Published: Sep 05 2009 / 09:30
A fine good example of how tests should not be done.
Could you give some comments on why this is so bad?
For starters, how often do you see Java programs in which Strings are built up from individual chars? Its measuring something that is pretty much never done in Java programs.
And second, considering you are concerned about memory usage (which is going to vary tremendously due to the unpredictability of the gc), 5 trials way too small.
Third, I don't think Runtime.totalMemory() returns what you think it returns.
True that the individual chars are probably not entirely real world.
I don agree that the memory usage is unpredictable especially as you don't know when/if the garbage collector will run. However, the results were all similar enough to make me believe the tendencies they show.
Well, if concatenation is being tested then loops should contain just that, concatenations. I'm seeing much more inside them. If done correctly I'm sure the results would be different and so would be your conclusions.
What more? You see a no-op function call which is included in the hope that his forces the string to be used. Admittedly the optimizer may be too smart for this too, but you have to stop somewhere.
Doesn't Java 6 use StringBuilder under the covers for String concatenation anyway?
Hell Java 5 does, and previous versions of Java used StringBuffers. Well, it usually does, in some cases it will optimize it so that String concatenation is not even needed. For instance String myString = "my" + " " + "string" will become String myString = "my string".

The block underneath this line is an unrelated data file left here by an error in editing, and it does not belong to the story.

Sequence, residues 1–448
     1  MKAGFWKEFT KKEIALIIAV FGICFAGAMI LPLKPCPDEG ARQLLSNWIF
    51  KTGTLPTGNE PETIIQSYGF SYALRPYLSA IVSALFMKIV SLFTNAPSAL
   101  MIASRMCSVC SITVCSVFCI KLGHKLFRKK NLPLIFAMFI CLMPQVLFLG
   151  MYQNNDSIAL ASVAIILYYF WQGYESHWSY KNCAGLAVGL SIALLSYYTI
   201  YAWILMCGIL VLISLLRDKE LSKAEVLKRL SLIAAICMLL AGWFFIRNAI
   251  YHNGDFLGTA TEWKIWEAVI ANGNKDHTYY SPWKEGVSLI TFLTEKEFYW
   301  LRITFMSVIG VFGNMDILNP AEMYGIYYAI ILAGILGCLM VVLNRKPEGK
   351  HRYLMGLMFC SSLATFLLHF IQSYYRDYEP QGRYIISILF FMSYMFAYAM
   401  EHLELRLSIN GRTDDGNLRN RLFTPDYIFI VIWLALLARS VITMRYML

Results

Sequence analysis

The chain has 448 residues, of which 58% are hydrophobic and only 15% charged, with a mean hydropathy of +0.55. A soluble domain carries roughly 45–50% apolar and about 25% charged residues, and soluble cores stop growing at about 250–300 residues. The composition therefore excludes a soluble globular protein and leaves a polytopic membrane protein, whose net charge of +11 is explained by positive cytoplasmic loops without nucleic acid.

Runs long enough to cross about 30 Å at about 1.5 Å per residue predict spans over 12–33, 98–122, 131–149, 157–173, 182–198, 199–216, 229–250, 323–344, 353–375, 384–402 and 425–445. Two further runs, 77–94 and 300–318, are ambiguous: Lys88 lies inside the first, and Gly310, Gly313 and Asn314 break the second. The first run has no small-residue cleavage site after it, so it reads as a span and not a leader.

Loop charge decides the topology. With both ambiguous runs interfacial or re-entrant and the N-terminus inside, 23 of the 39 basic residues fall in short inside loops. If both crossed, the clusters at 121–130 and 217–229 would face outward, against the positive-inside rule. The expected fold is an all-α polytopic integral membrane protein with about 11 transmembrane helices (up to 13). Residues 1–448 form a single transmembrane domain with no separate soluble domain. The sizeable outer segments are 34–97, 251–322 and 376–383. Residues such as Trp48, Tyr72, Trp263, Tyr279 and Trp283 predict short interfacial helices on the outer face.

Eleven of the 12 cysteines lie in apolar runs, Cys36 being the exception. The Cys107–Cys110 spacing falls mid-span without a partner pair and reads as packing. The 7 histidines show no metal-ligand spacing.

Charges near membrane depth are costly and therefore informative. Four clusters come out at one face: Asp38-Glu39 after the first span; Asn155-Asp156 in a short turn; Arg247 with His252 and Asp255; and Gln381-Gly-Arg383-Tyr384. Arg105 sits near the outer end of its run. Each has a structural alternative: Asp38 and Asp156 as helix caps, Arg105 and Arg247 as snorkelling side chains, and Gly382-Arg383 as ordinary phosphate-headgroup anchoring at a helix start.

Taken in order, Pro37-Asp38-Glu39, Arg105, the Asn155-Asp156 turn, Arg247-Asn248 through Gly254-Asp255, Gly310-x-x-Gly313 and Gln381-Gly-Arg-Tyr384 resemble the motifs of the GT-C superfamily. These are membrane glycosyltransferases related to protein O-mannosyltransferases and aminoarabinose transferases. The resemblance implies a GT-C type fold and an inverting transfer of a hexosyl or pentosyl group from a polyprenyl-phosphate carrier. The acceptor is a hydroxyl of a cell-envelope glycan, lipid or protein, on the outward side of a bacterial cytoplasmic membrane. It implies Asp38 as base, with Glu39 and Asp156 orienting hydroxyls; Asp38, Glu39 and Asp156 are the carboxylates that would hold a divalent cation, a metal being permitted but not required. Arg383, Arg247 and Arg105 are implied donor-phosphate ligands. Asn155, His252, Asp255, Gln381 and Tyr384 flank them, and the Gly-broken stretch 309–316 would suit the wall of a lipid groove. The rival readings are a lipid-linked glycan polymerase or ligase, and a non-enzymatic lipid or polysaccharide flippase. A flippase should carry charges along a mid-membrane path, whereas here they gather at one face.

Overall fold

That is what I thought as well.
I expect the results to be changed significantly when the StringBuilder can be reused. However, that would have made the comparison somewhat unfair I think.
With the assumption that the StringBuilder is indeed used, that only increases my surprise about the results.
sorry, yet another suspicious microbenchmark with an unsubstantiated conclusion. Microbenchmarking is hard, very hard, they can't be slapped together in a few minutes. It requires deep analysis of how the code is being treated by each of the layers in the system. There has to be an analysis of the code to ensure that what is being measured is really the effect you believe is being measured or is there another over-riding effect that is introducing random noise into the result. Is this benchmark even answering the question asked of it? I wouldn't comment until I saw that some steps had been taken to reconcile the results with the code.
Hence the lack of "conclusions" in the article.
I make no claims about knowing about benchmarking. I did a simple test as I wanted to "prove" some things I always assumed. Like the "string additions are bad", "StringBuilder is better than StringBuffer", and javolution's claim about being fast and using less memory.
Seems the little test at least proved that these claims at least are not always true.
I think the OP is saying, basically, that micro-benchmarks are *very* difficult to do right, if it's even possible. If you don't "know about benchmarking" it's even harder, so you haven't really proven anything. Plus the JVM version makes a *huge* difference--go back and "benchmark" on 1.3 and I'll bet javolution compares better.
Without picking apart the bytecode I'm not really sure we know what's going on.
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